Congratulations to LUCKY #7 Weldon Angelos who walked out of prison on June 3rd, after a long journey. CAN-DO Founder Amy Povah spoke to Weldon recently and was happy to hear that Weldon will be speaking out on behalf of others who are still waiting to receive similar good news. It is long overdue for so many waiting in the pipeline.
Please consider contributing to Weldon’s fundraiser on change.org so he can buy a car!
Watch the news story of Weldon Angelos’ release on KUTV:
Weldon Angelos feels ‘blessed’ after unexpected release from prison
By Daniel Woodruff, JUNE 3RD 2016
Sentence: 55 years
Year Sentenced: 2004
Served: 12 years
Offense: 3 counts of possession of a firearm in furtherance of a drug trafficking crime; 13 additional drug, firearm, and money laundering charges
Priors: Convicted for the possession of a handgun as a juvenile and received 3 months probation
Projected release date: 11/18 2051
Supporters: Endless list of supporters include:
Elizabeth Ainslie – AUSA for Eastern Dist. of Pennsylvania
Ross Anderson – Mayor of Salt Lake City, Utah
Judge Williams Bassler – U.S. Dist Judge of Nevada
U.S. Attorney James Brady – (Western Dist of Michigan 1977-1981)
U.S. Attorney B. Mahlon Brown III (Dist. of Nevada 1977-1981)
Access the Open Letter supporting Weldon’s clemency and list of additional names with titles (10 pages) here:
About Weldon’s case:
Weldon Angelos, the son of a Greek immigrant and founder of a rap record company, was accused of selling marijuana to a police informant on several occasions worth a total of $350; the witness stated that Angelos had a firearm strapped to his body. Between May and June 2002, Salt Lake City police set up a series of controlled buys from Weldon, whom they suspected was a member of the street gang Varrio Loco Town. Police arranged for an acquaintance of Weldon’s to act as a confidential informant (CI), hoping to prove Weldon’s involvement in trafficking large amounts of marijuana. The CI purchased ½ pound of marijuana from Weldon on two separate occasions. According to the CI, a firearm was visible in Weldon’s car during the first buy. During the second controlled buy, the CI alleged that Weldon was wearing an ankle holster holding a firearm. Police searched Weldon’s home in November 2003 and found additional guns, drug paraphernalia, and other evidence that officers claimed indicated his involvement in drug trafficking and money laundering.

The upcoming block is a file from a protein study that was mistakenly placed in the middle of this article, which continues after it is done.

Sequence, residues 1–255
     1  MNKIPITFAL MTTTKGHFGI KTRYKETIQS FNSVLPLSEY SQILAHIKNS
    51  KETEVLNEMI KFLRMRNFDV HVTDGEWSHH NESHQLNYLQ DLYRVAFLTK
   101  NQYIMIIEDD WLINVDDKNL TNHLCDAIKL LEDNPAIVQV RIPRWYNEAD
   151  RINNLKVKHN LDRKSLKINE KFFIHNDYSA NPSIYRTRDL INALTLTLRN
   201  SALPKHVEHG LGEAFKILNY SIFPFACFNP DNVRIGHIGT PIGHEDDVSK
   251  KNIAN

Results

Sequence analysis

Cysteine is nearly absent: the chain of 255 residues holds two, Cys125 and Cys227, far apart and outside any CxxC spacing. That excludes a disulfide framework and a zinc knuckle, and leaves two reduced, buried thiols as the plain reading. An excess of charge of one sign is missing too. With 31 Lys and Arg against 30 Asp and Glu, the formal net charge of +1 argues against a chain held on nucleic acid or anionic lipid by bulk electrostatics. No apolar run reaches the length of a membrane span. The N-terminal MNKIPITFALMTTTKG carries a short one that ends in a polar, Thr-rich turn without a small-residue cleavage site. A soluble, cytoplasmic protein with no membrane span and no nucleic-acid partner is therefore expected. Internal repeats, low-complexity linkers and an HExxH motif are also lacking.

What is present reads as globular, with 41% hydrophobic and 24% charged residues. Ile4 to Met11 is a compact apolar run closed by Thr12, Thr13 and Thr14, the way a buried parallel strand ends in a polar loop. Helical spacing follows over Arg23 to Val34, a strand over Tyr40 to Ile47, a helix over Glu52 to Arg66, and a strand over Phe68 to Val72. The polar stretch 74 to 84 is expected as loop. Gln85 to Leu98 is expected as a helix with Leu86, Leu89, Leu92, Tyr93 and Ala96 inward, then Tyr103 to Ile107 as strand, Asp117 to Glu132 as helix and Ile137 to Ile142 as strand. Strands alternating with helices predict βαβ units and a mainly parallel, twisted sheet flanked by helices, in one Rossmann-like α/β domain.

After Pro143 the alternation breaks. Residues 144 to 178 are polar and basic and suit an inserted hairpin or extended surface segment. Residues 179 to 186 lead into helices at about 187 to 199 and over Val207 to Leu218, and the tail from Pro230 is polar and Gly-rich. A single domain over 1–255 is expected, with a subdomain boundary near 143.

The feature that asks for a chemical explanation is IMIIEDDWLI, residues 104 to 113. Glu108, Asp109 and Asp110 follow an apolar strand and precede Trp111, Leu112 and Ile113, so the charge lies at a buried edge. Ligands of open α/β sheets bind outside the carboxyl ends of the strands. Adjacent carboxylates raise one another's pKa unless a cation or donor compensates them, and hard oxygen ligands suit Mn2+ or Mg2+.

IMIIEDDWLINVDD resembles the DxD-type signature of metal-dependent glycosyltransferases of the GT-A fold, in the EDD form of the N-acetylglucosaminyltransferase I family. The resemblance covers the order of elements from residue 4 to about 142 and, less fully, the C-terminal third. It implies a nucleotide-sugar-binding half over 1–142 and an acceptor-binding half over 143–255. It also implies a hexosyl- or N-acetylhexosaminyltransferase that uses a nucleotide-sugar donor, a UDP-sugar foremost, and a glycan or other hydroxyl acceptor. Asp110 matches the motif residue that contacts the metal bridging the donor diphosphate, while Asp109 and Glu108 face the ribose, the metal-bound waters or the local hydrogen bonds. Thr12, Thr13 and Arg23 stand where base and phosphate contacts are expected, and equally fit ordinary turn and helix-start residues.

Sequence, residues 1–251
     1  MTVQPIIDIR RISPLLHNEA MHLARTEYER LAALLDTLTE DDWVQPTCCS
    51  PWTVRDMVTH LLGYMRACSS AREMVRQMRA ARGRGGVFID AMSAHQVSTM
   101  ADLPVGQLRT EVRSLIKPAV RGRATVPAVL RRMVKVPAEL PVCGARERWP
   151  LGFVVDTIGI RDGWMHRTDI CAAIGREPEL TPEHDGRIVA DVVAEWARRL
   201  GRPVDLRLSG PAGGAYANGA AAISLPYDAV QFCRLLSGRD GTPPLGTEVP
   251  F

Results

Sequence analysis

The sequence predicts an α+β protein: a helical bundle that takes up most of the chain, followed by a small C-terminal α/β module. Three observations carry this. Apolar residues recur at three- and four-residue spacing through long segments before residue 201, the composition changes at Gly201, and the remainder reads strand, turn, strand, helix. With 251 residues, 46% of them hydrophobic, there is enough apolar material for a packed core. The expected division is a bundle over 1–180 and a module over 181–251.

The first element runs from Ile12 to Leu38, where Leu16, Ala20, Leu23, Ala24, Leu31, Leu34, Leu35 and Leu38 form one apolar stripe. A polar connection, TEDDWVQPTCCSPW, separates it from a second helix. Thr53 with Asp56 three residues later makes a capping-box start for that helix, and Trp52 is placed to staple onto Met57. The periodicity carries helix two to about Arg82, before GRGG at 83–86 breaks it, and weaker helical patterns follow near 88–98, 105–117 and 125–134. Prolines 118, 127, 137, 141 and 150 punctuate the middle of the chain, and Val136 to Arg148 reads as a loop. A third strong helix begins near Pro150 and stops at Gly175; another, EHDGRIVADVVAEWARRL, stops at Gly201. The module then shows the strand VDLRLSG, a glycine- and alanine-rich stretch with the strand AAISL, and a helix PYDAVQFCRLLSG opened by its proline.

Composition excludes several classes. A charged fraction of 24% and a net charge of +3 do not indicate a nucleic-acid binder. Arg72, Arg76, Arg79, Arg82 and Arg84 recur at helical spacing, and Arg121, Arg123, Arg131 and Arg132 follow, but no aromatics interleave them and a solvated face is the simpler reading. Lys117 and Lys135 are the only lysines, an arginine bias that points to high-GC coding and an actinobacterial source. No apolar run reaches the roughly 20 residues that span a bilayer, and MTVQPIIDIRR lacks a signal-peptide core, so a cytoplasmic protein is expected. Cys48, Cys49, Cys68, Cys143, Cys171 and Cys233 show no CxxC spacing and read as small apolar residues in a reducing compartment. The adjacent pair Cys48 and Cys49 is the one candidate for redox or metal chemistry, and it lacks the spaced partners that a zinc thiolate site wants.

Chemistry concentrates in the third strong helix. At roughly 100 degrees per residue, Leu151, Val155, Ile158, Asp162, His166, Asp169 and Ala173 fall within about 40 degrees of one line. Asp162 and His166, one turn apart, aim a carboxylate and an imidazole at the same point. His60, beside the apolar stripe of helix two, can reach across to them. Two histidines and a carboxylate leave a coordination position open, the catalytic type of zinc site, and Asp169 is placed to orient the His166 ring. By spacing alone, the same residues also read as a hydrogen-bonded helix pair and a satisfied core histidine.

At trial, the jury convicted Weldon of 13 drug, firearm, and money laundering charges, as well as three counts of possession of a firearm in furtherance of a drug trafficking crime. Two of the three counts of possession of a firearm resulted from the gun he allegedly carried during the buys with the CI. The third count stemmed from a handgun found in a bag in Weldon’s home. Although one charge was dismissed and he was acquitted of three others, Weldon was sentenced to a mandatory 55 years in federal prison. Weldon received a 5-year mandatory minimum for the first charge of possession of a firearm in furtherance of a drug trafficking crime; a consecutive 25-year sentence for the second, and another consecutive 25-year sentence for the third. With a two-point firearm enhancement, Weldon’s adjusted guideline level was 78 to 97 months, to be served concurrently with the firearms mandatory minimums
At sentencing, Judge Paul G. Cassell called Weldon’s punishment “unjust, cruel, and even irrational,” comparing it to much shorter federal sentences given to repeat child rapists and airplane hijackers. Judge Cassell wrote a 67-page opinion urging President Bush to commute Weldon’s sentence to 18 years or less. Unfortunately, none of these efforts proved fruitful.
Despite health issues, Weldon has taken classes in computers, psychology, philosophy, public speaking and history, and has completed the Dental Laboratory Manager program. Weldon’s relationship with his wife suffered as a result of his sentencing and the two are no longer together.